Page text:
Member Remedies Archives

Ontario Court Denies Standing to Bring Oppression Proceedings against Charitable Corporation

In The Campaign for the Inclusion of People who are Deaf and Hard of Hearing v. Canadian Hearing Society (released September 2018), Justice Wilton-Siegel of the Ontario Superior Court of Justice refused to find that the corporate applicant was a proper person to bring oppression proceedings against a federally incorporated charitable society and stayed the application of the individual applicants in favour of arbitration.

B.C. Court Refuses to Grant Leave to Bring a Derivative Action

In Gill v. Kalgidhar Darbar Sahib Society (released May 2018), Justice Harvey of the Supreme Court of British Columbia refused to grant leave to a former executive member authorizing him to bring a derivative action on behalf of a religious society. The court found, in the circumstances, that the petitioner was not acting in good faith and that the derivative action did not appear to be in the best interests of the society.

Member Proposals Under the CNCA

The Canada Not-for-profit Corporations Act entitles any member who has the right to vote at an annual meeting to submit a member proposal to the corporation, which proposal would be raised as special business at the meeting. The member is also entitled to discuss at the meeting any matter with respect to which the member would have been entitled to submit a proposal.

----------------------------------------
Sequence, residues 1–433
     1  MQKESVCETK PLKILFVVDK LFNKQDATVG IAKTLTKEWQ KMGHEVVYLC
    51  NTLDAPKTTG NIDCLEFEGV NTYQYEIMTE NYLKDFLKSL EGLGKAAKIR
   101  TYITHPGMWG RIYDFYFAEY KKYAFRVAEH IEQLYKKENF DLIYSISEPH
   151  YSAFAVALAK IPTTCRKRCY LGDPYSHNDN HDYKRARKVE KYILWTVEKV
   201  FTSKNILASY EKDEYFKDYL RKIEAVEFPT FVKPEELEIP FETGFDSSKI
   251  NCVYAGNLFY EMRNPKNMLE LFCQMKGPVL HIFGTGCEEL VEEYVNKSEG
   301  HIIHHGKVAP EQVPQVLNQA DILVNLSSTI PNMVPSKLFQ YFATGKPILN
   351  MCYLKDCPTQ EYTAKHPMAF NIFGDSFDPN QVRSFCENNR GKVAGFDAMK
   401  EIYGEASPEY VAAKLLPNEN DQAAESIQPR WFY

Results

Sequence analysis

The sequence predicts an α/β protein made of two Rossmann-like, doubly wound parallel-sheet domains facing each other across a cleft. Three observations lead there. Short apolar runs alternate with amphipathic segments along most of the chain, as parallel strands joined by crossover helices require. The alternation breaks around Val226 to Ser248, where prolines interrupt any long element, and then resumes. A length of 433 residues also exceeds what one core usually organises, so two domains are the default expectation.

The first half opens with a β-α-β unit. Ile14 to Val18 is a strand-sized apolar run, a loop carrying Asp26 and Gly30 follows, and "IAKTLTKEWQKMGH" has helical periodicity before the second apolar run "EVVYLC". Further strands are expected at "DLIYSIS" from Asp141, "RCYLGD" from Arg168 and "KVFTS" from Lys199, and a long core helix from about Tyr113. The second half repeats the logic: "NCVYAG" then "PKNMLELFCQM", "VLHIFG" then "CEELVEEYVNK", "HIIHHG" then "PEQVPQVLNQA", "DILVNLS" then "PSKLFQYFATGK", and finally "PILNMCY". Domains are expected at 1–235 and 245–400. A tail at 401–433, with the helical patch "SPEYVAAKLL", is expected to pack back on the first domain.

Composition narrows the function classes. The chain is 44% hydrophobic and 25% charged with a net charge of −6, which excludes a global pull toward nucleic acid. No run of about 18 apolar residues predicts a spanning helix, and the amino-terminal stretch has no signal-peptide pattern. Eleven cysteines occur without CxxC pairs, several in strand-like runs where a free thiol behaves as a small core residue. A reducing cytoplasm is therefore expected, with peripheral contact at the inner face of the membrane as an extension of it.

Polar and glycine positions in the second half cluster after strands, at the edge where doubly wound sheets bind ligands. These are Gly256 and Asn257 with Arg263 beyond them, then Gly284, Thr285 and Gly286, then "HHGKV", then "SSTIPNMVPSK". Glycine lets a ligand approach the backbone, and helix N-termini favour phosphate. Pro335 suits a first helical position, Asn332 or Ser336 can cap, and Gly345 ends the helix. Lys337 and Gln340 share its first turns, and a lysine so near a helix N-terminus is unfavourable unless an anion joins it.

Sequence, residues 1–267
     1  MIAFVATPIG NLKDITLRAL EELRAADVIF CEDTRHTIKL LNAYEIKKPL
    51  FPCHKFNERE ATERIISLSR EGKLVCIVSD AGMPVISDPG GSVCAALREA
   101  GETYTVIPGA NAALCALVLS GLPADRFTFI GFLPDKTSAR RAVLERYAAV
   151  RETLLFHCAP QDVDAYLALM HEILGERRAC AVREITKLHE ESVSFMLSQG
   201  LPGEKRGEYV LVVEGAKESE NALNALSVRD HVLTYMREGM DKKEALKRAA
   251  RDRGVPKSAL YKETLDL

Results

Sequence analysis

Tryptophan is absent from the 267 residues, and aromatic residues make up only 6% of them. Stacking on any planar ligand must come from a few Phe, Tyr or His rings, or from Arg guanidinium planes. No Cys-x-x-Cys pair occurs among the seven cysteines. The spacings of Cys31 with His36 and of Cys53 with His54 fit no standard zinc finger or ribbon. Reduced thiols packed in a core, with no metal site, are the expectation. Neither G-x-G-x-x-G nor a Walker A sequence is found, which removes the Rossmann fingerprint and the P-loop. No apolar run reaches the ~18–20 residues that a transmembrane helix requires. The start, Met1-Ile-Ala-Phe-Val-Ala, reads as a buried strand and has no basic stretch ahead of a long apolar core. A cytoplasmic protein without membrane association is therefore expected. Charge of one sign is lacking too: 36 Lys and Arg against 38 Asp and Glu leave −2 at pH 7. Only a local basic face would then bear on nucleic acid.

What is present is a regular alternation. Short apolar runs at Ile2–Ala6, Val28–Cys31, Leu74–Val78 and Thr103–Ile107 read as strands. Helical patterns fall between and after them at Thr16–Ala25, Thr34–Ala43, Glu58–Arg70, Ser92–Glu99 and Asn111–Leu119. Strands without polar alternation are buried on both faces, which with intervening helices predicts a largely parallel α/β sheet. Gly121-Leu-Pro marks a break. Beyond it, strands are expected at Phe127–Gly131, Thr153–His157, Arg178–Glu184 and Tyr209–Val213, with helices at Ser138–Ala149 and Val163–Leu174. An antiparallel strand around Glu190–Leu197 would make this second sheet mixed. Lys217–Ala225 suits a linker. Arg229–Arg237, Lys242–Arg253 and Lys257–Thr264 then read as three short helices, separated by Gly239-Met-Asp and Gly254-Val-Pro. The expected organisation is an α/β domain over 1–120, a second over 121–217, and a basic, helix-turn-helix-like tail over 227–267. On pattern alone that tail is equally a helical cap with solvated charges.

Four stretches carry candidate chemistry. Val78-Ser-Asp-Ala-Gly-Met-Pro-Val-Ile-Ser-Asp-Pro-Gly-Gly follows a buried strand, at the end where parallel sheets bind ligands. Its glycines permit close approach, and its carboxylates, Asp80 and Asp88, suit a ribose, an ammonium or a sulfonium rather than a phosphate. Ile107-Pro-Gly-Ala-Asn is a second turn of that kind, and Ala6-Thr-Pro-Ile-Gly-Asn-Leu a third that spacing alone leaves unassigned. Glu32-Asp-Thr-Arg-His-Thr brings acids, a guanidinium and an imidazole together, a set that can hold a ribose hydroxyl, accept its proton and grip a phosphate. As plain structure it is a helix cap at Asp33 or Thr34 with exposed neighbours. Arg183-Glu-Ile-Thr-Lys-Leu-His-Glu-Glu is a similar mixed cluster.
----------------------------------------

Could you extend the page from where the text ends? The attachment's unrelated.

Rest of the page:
Lack of Standing Found when Personal Action brought by Corporation

In Polish National Catholic Church of Canada v. Polish National Catholic Church (decided 2014), Justice Archibald of the Ontario Superior Court of Justice held that a corporate applicant had no standing to assert the private rights of two members of the Catholic Church and that the claim should be struck as disclosing no reasonable cause of action.

Another Rare Winding up of a Fractious NFP Corporation

In Sobrinho v. Oakville Portuguese Canadian Club (decided 1982), an Ontario trial court ordered the winding up of a corporation without share capital because of deep and irreconcilable differences between two almost equally divided factions. A winding up is a rarely used remedy of last resort.

Close Election Equals Closer Scrutiny

In Hara v. Khalsa Diwan Society - New Westminster (decided 1996), the British Columbia Court of Appeal upheld a trial court decision setting aside the election of directors of a religious institution governed by the British Columbia Society Act (now the Societies Act).

Saskatchewan Court Umpires a Baseball Dispute

In Keller v. Saskatchewan Baseball Assn. Inc. (decided 1999), Justice Pritchard of the Saskatchewan Court of Queen's Bench found that the Saskatchewan Baseball Association had acted oppressively in refusing to stay the suspension of one of its officers until his appeal was heard, and held that the association's appeals committee needed to be reconstituted to ensure that it was impartial.

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